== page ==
Meningocele repair is an operation used to address a spinal birth defect. If your newborn’s spine didn’t develop correctly, an abnormal opening may be present and this operation may be necessary. This procedure may also be performed if a small, swollen sac or cyst protrudes from the newborn’s spinal column.
The procedure usually takes place within 12 to 48 hours of a baby’s birth. During the procedure, the surgeon will drain the excess spinal fluid from the sac, close the opening, and repair the area of the defect. This will allow the child to grow and develop normally.
Newborns diagnosed with a birth defect called spina bifida may need this operation. These babies experience a defect in the formation of the spine. This typically happens during the first trimester. This defect affects the spinal cord and the fluid-filled sac that surrounds the spinal cord. Sometimes, this defect can affect the surrounding nerves.
Certain diagnostic tests performed during pregnancy can detect spina bifida before the baby is born. Blood tests performed between 15 and 20 weeks can reveal if the fetus is at risk of a neural tube defect. A prenatal ultrasound that takes images of the fetus’ tissues and organs may also lend some insight.
An amniocentesis test may also be performed. During this test, the doctor will examine a small amount of amniotic fluid. This test can most accurately diagnose the presence of a neural tube defect. The neural tube is the precursor to the child’s central nervous system.
Once the baby is born, a sac protruding from the spinal cord is usually visible. This can confirm an earlier diagnosis of spina bifida. The doctor may use X-rays, computed tomography (CT) scans, or magnetic resonance imaging (MRI) to further examine the baby’s spine. This can ensure a correct diagnosis.
Meningocele is a type of spina bifida. About
There are three main types of spina bifida.
Spina Bifida Occulta
This is considered to be a mild form of the defect. The spinal cord and surrounding structures are still inside the baby, but the bones of the lower back fail to form normally. This leaves a hairy patch or dimple over the affected area of the spine.
This is seen as mild to moderate and is the least common. A small, moist sac or cyst protrudes through the gap in the spine. This sac contains a portion of the spinal cord membrane (meninges) and some spinal fluid. The sac may be covered with skin or part of the spinal cord membrane. The sac contains little or no nerve tissue.
This is a severe form of spina bifida. The spinal cord and nerves develop outside the baby’s body. This results in weakness and loss of sensation below the defect. It can interfere with bowel or bladder function or cause fluid to build up in the brain.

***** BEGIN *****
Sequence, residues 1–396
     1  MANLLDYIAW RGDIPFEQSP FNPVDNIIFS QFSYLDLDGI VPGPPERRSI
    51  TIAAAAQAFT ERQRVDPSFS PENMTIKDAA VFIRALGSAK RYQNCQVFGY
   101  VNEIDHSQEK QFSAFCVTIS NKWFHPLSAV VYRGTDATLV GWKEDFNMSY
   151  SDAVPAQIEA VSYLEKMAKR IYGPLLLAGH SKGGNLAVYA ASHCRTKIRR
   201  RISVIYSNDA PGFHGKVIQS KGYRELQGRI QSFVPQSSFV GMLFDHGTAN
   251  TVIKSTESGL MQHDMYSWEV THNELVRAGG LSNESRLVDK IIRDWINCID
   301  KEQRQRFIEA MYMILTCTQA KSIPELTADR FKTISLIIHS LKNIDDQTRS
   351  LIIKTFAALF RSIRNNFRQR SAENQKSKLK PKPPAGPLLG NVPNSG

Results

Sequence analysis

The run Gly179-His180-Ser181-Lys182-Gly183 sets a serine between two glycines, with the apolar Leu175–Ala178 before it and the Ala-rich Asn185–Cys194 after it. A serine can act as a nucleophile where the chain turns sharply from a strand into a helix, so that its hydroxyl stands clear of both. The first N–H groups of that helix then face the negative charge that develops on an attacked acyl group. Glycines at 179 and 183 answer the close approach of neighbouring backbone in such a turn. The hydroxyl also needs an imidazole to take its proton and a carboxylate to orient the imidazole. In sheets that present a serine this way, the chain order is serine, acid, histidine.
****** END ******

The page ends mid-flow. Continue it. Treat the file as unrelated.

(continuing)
Once the baby is diagnosed with meningocele, the doctor will most likely schedule surgery as soon as possible. An early surgery may prevent infection, swelling, and further damage to the spinal cord. Until the surgery, the defect will be covered with a sterile dressing. Your child may be transferred to a neonatal intensive care unit.
During the surgery, general anesthesia will be used to make sure the baby is asleep and experiences no pain. The surgeon will make an incision in the sac or cyst in order to drain some of the excess fluid. The spinal cord is then covered with the membranes for protection. The surgeon will then close the incision.
Your baby will usually require about two weeks of recovery time in the hospital after surgery. Doctors will administer antibiotics to prevent infection. Additional tests, such as MRIs or ultrasounds, may be performed to ensure that the surgery site is healing normally. These tests can detect any swelling or fluid buildup (hydrocephalus) that may develop after the defect is repaired. Nurses will position the baby so that baby lies on the stomach in order to avoid putting pressure on the wound.
Results will depend on the amount of damage done to the baby’s spinal nerves. Since meningocele typically doesn’t damage any of the neural tissues, surgery usually has excellent results. Babies rarely have any lasting disabilities or brain, nerve, or muscle problems caused by a meningocele.
As with any surgery that involves general anesthesia, this procedure carries a small risk of allergic reactions to the anesthesia medication. Although bleeding, infection, and fluid build up are rare, they’re possible. Your doctor will advise you about how to care for your baby at home. Your doctor will also tell you which symptoms to watch for in order to determine if there are any complications.
You may also be referred to a team of medical experts in spina bifida who will follow up with you and your baby after you leave the hospital. These professionals will work with you to help detect any additional problems. Problems may indicate muscle weakness, speech problems, or other potential issues related to the neural tube defect.
There isn’t any one cause of spina bifida. Your genetic makeup plays the most significant role. Getting enough folic acid during pregnancy has been shown to help prevent the condition.
Sources of folic acid include:
- whole grains
- fortified breakfast cereals
- dried beans
- green leafy vegetables
- egg yolks
- citrus fruits
- fruit juices
During pregnancy, talk to your doctor about taking folic acid supplements.
Some medications may put you at additional risk for giving birth to a child with spina bifida. If possible, check with your doctor about your prescriptions before becoming pregnant. Diabetes and obesity also somewhat increase your risk of having a baby with meningocele. Because of this, it’s important that you maintain a healthy weight and control your blood sugar levels.